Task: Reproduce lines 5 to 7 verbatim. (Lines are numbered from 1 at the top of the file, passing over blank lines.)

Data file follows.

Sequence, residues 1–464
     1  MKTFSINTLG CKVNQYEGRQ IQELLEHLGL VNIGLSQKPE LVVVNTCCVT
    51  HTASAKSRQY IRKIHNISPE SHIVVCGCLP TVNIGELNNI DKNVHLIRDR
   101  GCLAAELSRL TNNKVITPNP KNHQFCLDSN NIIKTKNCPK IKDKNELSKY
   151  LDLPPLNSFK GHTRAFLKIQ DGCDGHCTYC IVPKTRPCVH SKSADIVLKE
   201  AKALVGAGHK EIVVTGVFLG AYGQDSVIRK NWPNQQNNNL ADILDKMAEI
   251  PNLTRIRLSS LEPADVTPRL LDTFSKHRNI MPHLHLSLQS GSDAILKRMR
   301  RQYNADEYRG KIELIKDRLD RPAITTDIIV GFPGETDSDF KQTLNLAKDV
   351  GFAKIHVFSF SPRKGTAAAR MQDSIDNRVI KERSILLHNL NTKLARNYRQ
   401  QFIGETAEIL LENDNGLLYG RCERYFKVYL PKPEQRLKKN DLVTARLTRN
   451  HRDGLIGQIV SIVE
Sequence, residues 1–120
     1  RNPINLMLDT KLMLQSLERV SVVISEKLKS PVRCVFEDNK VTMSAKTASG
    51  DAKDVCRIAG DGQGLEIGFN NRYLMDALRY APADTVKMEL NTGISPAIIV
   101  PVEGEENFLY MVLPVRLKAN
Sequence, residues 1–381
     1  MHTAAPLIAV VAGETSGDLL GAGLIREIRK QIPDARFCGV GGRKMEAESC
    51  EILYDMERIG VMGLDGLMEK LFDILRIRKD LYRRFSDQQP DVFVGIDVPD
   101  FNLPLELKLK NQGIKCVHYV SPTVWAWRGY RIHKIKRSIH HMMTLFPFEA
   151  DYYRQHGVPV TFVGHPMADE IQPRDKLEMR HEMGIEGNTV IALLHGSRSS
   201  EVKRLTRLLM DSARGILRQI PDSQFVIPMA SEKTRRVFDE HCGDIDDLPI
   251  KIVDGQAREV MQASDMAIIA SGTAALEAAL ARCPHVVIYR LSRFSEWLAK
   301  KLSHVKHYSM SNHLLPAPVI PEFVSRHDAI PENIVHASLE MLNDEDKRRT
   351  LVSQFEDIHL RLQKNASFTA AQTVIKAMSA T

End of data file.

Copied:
   151  LDLPPLNSFK GHTRAFLKIQ DGCDGHCTYC IVPKTRPCVH SKSADIVLKE
   201  AKALVGAGHK EIVVTGVFLG AYGQDSVIRK NWPNQQNNNL ADILDKMAEI
   251  PNLTRIRLSS LEPADVTPRL LDTFSKHRNI MPHLHLSLQS GSDAILKRMR